A recent study investigating the long-term benefits of obesity-related surgeries has found that the procedure encourages sustained weight loss as compared to other means of combating obesity. The study published in the Journal of the American Medical Association looked closely at the case of 1,156 participants between the ages of 18 and 72 with morbid obesity cases. Study samples were divided into three groups:

  1. A control group of 417 participants who were denied surgery though they wanted it.
  2. Another group of 418 participants who underwent surgery.
  3. A second control group of 321 participants who expressed no desire for surgery.

After six years, it was discovered that the group that underwent the gastric bypass surgery recorded significant improvements in cardiovascular health and weight loss compared to those who opted for no surgery. There was also an improvement in heart disease and metabolic risk factors in those who underwent the surgery. They had a lower chance of having high cholesterol or high blood pressure when compared to those who did not.

Archives of Surgery

A recent research published in the Archives of Surgery and conducted by researchers at the Fort Lewis Madigan Army Medical Center has discovered that there may be a rival for gastric bypass surgery which has held sway as the gold standard surgical procedure for obesity. This new rival is none other than Duodenal Switch Surgery. Duodenal switch surgery is less common but more complex than gastric bypass surgery.

Studies have shown that duodenal switch and gastric bypass surgeries are effective in the treatment of morbidly obese patients. Duodenal switch surgery is usually reserved for individuals with a BMI greater than or equal to 50 kg/m2. It is also used where other weight loss surgeries have failed.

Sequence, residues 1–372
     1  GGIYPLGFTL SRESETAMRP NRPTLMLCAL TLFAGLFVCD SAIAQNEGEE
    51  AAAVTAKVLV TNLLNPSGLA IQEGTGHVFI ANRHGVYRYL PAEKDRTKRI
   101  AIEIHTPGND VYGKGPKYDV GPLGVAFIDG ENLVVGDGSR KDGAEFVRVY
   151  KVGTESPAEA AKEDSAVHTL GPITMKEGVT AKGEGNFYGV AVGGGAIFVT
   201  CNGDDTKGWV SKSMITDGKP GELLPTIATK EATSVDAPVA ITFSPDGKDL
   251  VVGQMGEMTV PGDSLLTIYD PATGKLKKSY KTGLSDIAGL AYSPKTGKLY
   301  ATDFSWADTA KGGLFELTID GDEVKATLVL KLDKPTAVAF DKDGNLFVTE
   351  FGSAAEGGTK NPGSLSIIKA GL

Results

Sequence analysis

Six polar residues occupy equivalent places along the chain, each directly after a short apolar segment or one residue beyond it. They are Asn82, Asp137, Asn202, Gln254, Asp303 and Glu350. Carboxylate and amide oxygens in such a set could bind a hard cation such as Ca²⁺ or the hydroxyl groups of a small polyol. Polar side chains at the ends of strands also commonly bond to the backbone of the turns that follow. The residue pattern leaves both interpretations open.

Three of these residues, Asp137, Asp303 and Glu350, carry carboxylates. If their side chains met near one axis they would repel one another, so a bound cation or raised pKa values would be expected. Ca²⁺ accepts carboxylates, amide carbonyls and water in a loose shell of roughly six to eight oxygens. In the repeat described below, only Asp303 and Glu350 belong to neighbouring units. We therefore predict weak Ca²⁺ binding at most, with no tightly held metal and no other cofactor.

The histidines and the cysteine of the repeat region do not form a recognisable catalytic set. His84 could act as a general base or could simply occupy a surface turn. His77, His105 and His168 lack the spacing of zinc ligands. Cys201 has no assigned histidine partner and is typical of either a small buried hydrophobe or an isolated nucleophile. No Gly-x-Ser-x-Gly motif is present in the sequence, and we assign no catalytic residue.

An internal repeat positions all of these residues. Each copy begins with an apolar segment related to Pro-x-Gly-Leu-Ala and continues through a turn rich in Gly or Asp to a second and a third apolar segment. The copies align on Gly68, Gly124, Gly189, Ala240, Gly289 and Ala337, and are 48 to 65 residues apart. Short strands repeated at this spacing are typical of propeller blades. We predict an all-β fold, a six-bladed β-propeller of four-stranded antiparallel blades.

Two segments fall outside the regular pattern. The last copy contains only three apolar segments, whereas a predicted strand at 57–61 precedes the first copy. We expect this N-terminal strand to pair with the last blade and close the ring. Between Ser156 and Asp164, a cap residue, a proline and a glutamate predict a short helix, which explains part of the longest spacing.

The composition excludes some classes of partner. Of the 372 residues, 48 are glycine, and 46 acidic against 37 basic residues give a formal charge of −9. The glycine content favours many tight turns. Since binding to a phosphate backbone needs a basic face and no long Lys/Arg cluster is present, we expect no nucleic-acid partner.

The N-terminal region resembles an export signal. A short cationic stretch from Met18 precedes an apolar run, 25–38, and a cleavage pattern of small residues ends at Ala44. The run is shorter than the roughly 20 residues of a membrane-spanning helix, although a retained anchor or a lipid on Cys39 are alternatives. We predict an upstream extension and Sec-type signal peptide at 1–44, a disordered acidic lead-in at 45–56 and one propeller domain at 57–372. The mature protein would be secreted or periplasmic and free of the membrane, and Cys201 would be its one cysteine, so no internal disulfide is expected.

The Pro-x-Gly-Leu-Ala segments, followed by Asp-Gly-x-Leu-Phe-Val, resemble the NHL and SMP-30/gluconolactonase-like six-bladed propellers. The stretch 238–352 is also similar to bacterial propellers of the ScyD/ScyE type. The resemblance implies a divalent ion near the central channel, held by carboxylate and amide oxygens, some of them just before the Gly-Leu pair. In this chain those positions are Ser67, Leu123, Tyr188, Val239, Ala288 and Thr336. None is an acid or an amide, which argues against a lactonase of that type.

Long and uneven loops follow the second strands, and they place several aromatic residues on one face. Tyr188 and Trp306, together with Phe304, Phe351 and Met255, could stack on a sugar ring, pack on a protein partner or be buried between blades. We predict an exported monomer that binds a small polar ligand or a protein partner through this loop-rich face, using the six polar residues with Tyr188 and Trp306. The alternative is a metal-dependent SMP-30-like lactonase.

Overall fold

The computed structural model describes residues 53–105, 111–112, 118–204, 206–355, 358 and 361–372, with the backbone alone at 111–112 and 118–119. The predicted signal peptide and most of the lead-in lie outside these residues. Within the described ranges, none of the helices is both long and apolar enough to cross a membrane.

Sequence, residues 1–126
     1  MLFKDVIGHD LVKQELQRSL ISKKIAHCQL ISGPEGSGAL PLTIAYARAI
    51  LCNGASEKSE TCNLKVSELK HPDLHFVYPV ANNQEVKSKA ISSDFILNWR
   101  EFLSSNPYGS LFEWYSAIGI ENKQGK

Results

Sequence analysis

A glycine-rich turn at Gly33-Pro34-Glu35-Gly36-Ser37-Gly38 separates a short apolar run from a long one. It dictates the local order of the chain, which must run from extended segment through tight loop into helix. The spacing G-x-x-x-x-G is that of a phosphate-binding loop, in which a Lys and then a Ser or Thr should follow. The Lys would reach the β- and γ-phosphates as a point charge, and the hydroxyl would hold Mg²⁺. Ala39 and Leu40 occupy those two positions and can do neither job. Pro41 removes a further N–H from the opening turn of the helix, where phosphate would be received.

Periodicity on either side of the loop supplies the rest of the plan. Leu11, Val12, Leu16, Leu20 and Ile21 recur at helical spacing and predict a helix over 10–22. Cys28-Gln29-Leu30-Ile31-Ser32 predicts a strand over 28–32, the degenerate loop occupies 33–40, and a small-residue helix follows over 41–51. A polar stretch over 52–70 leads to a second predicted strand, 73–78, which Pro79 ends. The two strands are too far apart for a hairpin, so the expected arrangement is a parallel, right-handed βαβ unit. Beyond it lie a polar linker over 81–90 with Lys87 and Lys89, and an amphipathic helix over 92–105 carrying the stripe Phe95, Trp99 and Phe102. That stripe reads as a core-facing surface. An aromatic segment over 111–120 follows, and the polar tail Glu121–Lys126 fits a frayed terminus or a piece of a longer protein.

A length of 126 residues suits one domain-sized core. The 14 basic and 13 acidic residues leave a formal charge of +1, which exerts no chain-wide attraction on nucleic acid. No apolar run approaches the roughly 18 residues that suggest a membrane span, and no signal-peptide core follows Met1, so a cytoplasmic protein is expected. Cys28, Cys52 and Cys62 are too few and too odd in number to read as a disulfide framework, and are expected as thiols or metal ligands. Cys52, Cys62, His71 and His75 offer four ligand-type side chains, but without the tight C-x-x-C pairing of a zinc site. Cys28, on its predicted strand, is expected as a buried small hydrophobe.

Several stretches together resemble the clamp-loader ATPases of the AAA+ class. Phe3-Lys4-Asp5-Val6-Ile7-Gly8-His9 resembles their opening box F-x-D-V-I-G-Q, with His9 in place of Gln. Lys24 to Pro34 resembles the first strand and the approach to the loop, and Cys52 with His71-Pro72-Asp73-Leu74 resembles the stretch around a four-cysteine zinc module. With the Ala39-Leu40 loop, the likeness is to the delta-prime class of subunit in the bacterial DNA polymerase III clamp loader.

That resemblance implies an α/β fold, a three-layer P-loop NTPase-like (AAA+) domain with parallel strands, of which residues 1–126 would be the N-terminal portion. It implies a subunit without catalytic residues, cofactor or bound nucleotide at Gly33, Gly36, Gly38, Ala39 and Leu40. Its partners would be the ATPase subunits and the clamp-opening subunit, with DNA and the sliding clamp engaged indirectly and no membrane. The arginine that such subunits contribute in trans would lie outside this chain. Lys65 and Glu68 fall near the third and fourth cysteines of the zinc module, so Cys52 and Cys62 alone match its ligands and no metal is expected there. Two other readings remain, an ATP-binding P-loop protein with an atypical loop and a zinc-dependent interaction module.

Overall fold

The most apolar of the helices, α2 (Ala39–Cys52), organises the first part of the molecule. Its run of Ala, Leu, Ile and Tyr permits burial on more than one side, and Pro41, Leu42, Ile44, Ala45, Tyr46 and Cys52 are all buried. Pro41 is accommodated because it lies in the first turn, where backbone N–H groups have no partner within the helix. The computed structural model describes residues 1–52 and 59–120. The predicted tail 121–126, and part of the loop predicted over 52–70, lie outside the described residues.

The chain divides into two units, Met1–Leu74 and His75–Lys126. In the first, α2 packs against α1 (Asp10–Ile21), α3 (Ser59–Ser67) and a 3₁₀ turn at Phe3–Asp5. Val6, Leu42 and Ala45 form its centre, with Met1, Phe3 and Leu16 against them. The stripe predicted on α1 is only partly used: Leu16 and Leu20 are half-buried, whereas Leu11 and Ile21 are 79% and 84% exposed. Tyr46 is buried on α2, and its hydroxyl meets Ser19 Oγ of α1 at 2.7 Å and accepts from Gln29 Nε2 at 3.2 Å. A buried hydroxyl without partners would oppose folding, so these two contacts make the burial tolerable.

Duodenal switch surgery reduces the ability of the patient to absorb calories. This implies that with the duodenal switch, the patient can lose more weight when compared to other forms of surgery. However, there is the risk of being nutrient deficient afterward. Some of these nutritional deficiencies can be life-threatening if left untreated.

Researchers at Fort Lewis compared 1,545 patients with an average Body Mass Index of 52 who underwent a duodenal switch procedure and 77,406 beneficiaries of gastric bypass surgery (having an average BMI of 48). This was done between 2007 and 2010. The former were considered as super obese while the latter were classified as morbidly obese. At the two-year follow-up, it was observed that beneficiaries of the duodenal switch surgery had lost their body weight in excess of 79% compared to the beneficiaries of gastric bypass who maintained a 67% loss. It was also observed that about 20% of gastric bypass beneficiaries still retained 50% of their excess weight by both the first and second year follow-ups – constituting a failure of the gastric bypass weight loss surgery when compared to the duodenal switch surgery which had only 6% to 9% failure rates at 1 and 2 years respectively.

It was also observed that duodenal switch patients had a much better chance of controlling obesity-related conditions like diabetes, sleep apnea, and high blood pressure after surgery.

A major disadvantage of duodenal switch surgery is that it carries with it greater health risks. Patients with duodenal surgery spent more time in the operating room compared to gastric bypass beneficiaries. They also experienced more blood loss than the gastric bypass group. Post-surgery hospital stay was twice as long as that of the gastric bypass beneficiaries. The risk of death and development of nutritional deficiency was also higher compared to gastric bypass. Despite the risks involved, it comes with the best potential for reward.

References:

Researchers Take a Closer Look at Weight Loss Surgeries

Gastric Bypass vs Duodenal Switch Surgery Comparison